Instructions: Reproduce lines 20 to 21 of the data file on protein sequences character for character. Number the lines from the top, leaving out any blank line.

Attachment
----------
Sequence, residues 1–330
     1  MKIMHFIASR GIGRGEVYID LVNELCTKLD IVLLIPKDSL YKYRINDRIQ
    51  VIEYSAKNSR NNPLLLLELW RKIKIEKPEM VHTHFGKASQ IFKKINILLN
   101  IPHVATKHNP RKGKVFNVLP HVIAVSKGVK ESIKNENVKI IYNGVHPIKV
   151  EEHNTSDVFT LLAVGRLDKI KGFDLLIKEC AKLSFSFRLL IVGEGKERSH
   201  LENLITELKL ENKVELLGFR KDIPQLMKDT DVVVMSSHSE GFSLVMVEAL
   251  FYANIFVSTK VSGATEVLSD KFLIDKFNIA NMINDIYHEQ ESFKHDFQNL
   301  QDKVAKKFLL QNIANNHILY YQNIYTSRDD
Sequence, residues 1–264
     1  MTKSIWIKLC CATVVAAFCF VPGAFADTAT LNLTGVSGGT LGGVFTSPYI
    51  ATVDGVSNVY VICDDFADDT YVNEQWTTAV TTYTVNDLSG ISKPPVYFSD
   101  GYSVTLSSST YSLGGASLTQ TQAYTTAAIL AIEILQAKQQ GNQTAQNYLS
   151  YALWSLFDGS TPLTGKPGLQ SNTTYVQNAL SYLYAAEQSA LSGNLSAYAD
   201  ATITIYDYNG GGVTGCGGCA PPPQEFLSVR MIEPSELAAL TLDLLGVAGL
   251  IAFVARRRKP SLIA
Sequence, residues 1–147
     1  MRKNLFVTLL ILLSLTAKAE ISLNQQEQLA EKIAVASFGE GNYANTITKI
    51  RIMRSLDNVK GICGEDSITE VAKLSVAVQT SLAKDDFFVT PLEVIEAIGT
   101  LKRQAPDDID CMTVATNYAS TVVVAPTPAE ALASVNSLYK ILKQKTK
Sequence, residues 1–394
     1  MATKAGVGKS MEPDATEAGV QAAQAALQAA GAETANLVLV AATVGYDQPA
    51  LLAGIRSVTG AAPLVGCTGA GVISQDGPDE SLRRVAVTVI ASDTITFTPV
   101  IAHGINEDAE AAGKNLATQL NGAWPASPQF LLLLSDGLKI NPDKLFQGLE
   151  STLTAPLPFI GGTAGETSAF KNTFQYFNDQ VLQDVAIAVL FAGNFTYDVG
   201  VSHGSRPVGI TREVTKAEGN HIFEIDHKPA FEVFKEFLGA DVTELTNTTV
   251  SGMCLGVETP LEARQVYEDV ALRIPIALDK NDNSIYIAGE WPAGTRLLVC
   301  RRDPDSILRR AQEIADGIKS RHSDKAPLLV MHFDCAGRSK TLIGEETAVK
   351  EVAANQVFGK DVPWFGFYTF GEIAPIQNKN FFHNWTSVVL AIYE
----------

Sequence, residues 1–394
     1  MATKAGVGKS MEPDATEAGV QAAQAALQAA GAETANLVLV AATVGYDQPA